• Market participants who have been punished for panicking the past two summers

  • Reasonable valuations

  • Lean corporations

  • Strong corporate bond markets

While I respect these positives and would not be shocked if the market managed to climb higher I do not like the risk/reward. With earnings estimates coming down the upside seems limited. The economic slowdown will not turn on a dime and can potentially gather momentum. If the slowdown worsens the downside could be significant. I see the market not responding to bad news and I respect it but I don't want to join the party.

Bond Markets Lead

It is very difficult for me to imagine a sustained downturn in the market when junk bonds trade at record low yields. Corporations have nearly unlimited access to the debt markets. This allows for cash takeovers, LBOs and share repurchases. Its possible that the terrible economy eventually leads to wider spreads in bond markets but we are not there yet.

There are some early signs that the credit cycle might be turning. Three municipalities in California declared bankruptcy in a single week. We are seeing rapid earnings decline in the more cyclical sectors and its a matter of time before we see some bankruptcies. But the fact is that junk markets are at record low yields and there is little stress seen in yields.

As readers can see I have been torn lately between the bull and the bear case. The more I analyze the situation the less clear it becomes to me. It seems that I am not the only one that is confused as we have been seeing wild swings in both directions recently.

Macro Considerations

For the past few years market participants have been worried about a slowdown in China and a meltdown in the EU. Both are happening yet the S&P 500 is sitting a little more than 5% below a multi-year high. I do not like the current risk/reward on the long side but I respect the bull case enough not to be short.

There are a number of reasons that the market is not responding violently to the recent very bad news:

  • While corporate profits have been weakening, valuations are still reasonable. It will take a large drop in profits before valuations become a headwind.

  • After a 12 year old secular bear market, market participants are not positioned aggressively. There are simply fewer people to scare out.

  • Panicking has cost market participants a lot of money in recent years and like Pavlov's dogs they may simply be responding to their recent experiences. This is the most troubling reason  the market may be holding up.

Long time readers know that I usually give precedence to market related factors rather than macroeconomic related factors. I believe that macroeconomic factors are now very negative and they deserve increasing precedence. The economy is weakening, as are profits. There are numerous imbalances and the potential for a hard landing in China and a depression in Europe. This is simply too much for me to ignore now that it has begun to effect the economy and profits.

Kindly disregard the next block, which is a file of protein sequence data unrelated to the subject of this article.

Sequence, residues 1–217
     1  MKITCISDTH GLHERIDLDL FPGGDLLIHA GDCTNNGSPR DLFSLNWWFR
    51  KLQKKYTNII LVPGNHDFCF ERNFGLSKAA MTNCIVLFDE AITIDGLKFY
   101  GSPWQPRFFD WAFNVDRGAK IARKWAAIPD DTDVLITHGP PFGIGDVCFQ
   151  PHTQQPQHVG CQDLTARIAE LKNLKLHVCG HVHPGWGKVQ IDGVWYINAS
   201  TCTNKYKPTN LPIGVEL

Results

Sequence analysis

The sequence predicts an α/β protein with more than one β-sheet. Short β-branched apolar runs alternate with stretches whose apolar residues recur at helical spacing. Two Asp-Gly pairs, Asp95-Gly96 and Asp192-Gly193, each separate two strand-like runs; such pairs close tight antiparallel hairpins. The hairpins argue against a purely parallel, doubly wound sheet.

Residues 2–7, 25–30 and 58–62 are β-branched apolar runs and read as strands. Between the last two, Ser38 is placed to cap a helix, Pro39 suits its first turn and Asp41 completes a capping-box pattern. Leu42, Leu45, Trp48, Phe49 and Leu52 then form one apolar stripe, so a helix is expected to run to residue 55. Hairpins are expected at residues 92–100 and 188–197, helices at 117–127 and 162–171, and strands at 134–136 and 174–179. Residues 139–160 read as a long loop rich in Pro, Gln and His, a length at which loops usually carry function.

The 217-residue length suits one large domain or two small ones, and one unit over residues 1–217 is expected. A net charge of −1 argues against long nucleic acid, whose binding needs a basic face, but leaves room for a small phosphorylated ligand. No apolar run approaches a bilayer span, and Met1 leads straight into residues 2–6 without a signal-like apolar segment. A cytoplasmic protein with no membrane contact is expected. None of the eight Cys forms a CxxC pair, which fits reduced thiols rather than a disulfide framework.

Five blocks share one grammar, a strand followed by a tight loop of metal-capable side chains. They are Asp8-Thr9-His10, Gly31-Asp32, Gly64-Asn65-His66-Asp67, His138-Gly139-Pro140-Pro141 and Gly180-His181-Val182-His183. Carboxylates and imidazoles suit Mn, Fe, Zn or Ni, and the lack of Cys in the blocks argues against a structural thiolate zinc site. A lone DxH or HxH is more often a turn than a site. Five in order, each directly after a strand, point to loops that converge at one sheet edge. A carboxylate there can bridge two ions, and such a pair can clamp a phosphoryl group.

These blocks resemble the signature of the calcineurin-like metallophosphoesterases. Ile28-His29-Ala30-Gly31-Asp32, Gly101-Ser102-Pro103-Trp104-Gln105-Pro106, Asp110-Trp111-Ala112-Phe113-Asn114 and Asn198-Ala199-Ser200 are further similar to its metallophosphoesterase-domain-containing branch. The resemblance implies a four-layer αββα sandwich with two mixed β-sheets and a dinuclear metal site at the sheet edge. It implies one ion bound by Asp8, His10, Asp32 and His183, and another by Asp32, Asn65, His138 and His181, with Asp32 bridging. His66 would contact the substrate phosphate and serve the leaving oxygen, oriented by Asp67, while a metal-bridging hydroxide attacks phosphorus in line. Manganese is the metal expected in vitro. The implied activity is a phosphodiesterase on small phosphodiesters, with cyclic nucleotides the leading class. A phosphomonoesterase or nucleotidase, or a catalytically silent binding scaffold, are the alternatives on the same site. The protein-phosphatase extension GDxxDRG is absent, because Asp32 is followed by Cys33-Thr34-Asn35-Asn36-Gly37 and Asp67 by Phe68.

Does The Economy Matter

The macroeconomic situation continues to worsen. Spanish spreads are at a record while Italian rates are above 6%. We have seen a big rally in technology as results have been less worse than feared. How long can the rally in stocks continue as the global economy deteriorates?

I believe the risk/reward from current levels are poor. It is pretty clear that there is downward pressure on earnings. Valuations are reasonable so we could see some P/E expansion as long as profits don't fall out of bed, but given the deteriorating profits outlook upside is likely to be limited. However, there is also the risk that the deterioration in profits accelerates and the downturn in the economy worsens. I believe the upside is limited to a few percent while the downside potential is quite large.


Out Of Walgreens

After many months of trading Walgreen's I managed to get out today with a small profit.There was a large opportunity cost as I sold CVS to make room for this position. I still believe Walgreen's is cheap but sold because they levered up to buy Alliance Boots and buying leveraged companies does not fit my investing style.


Still No Reason To Be Bearish

Despite the continued rise in the market I still see little reason to be bearish although I remain cautious. Technology stocks that are missing estimates than are going by over 5% in many cases. The AAII bulls are at the lowest level since August 2010 and the market is not yet overbought.

I am reluctant to turn bearish before the market is overbought, which is still about a week away . Today is only the fifth day of the rally and it typically takes ten trading days for a rally to exhaust itself. Typically we see a rally, a pullback and another rally so its possible that we are setting up for a short term pullback.

From a fundamental standpoint earnings are coming in weak but they are not falling off of a cliff. At the current modest valuations the market can absorb slight reductions to estimates. The bears will argue that earnings are a lagging indicator and are set to go lower. The bulls will argue that there are few excesses in the economy and corporations are lean which should lead to more of the muddle through we have been seeing for years.